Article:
Fiercest Battle in History - Page 27




 
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August 18th, 2009  
cisco
 

Topic: I don't think


there is ONE fiercest ballte. But I think there have been a few making the top 10.

Naval battles in the 17th and 18th century when entering an enemys ship, the melees from 14th to 17th century, with mercenaries stlaughtering each other in close combat (look up the sacking of rome and the fate of the papal swiss guard on the net), Verdun, fighting in the trenches of WWI in general, stalingrad. There are so many, I doubt you will find THE fiercest one.
September 3rd, 2009  
Panzercracker
 
Quote:
Originally Posted by BootStomp
Modern- Staligrade and I would also say Iwo Jima.

Ancient Times- Cannae

Over all- Cannae

Explanation- Friece to me means ocmbat and bloodshed so Cannae, body count and days def Stalingrade.
Cannae was more of a massacre, Iwo Jima was fierce but there's so many bigger ones, Stalingrad definitely.

Rorke's Drift has to be pretty high up by any count though and not to be cliched by Thermopylae takes the cake.
September 11th, 2009  
gman992
 
For the person fighting it, the battle was he involved with. A soldier only wins by surviving.
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October 13th, 2009  
richard34
 
Hello
The Ottoman Turks' unsuccessful siege of Vienna in 1529 marked the beginning of the long decline of their empire. It also stopped the advance of Islam into central and western Europe, and ensured that the Christian rather than the Muslim religion and culture would dominate the region.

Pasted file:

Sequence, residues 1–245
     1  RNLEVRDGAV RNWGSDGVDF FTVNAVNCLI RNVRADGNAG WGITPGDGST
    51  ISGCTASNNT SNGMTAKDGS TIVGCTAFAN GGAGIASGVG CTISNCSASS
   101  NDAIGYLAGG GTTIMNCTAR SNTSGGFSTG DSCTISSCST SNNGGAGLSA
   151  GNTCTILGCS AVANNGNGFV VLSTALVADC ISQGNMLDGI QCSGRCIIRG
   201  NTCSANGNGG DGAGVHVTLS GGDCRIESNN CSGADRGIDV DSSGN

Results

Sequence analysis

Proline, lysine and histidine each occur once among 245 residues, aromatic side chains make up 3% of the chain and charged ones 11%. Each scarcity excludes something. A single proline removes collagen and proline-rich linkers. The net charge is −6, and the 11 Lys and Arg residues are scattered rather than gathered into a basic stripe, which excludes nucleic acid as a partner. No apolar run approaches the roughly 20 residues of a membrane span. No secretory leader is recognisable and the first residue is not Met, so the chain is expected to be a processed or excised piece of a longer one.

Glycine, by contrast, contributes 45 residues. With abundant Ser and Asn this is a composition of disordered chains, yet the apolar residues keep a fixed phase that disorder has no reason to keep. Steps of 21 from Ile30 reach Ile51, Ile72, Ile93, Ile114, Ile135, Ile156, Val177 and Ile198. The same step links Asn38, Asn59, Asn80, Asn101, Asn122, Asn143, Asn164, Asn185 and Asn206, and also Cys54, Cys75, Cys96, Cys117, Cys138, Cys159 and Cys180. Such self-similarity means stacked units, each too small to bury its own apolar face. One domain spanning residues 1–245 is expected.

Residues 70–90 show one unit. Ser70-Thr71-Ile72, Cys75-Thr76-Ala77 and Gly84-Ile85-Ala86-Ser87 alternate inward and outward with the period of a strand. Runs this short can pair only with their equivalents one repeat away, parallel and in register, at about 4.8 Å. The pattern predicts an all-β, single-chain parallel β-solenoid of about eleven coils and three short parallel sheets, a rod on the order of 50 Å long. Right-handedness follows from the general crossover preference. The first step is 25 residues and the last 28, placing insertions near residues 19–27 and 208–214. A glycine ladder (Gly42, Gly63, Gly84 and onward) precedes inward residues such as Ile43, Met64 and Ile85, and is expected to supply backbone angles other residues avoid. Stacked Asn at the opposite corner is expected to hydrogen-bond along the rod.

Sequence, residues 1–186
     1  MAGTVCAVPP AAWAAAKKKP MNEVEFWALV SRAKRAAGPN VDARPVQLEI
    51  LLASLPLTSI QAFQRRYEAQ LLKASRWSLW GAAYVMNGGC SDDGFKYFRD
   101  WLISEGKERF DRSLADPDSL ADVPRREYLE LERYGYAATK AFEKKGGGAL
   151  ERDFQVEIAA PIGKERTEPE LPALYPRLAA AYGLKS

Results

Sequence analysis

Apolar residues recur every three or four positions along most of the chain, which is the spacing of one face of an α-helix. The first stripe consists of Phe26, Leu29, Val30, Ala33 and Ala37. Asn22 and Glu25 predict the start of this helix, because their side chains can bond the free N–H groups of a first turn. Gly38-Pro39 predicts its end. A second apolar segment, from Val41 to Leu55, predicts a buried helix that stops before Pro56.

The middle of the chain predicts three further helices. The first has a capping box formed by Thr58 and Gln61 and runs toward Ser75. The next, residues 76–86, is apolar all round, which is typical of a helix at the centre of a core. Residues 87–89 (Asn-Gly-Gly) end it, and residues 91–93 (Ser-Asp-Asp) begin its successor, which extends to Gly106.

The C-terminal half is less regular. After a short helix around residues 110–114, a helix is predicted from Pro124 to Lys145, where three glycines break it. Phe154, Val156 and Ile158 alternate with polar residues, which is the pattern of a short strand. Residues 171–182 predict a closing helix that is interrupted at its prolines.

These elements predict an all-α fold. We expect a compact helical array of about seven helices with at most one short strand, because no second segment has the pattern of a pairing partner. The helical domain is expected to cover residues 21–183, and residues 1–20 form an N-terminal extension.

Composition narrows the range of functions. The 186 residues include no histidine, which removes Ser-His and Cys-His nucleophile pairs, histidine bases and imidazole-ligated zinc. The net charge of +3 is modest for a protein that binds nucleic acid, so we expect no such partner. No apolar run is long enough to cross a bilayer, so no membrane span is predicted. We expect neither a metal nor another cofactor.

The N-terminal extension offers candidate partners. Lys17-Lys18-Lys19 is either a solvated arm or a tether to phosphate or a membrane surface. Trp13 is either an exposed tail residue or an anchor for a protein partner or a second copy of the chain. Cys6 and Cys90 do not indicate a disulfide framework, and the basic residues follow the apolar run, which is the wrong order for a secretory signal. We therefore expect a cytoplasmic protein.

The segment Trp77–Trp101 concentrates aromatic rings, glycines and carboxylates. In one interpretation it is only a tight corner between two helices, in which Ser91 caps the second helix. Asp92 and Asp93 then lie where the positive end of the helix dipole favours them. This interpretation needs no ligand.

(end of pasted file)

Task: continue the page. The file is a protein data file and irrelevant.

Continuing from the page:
In 1520, Suleiman II had become the tenth sultan of the Ottoman Empire, which reached from the Persian frontier to West Africa and included much of the Balkans. Suleiman had inherited the largest, best-trained army in the world, containing superior elements of infantry, cavalry, engineering, and artillery. At the heart of his army were elite legions of Janissaries, mercenary slaves taken captive as children from Christians and raised as Muslim soldiers. From his capital of Constantinople, the Turkish sultan immediately began making plans to expand his empire even farther.
Suleiman had also inherited a strong navy, which he used with his army to besiege the island fortress of Rhodes, his first conquest. Granting safe passage to the defenders in exchange for their surrender, the Sultan took control of Rhodes and much of the Mediterranean in 1522. This victory demonstrated that Suleiman would honor peace agreements. In following battles where enemies did not surrender peacefully, however, he displayed his displeasure by razing cities, massacring the adult males, and selling the women and children into slavery.

By 1528, Suleiman had neutralized Hungary and placed his own puppet on their throne. All that now stood between the Turks and Western Europe was Austria and its Spanish and French allies. Taking advantage of discord between his enemies, Suleiman made a secret alliance with King Francis I of France. Pope Clement VII in Rome, while not allying directly with the Muslim Sultan, withdrew religious and political support from the Austrians.



link removed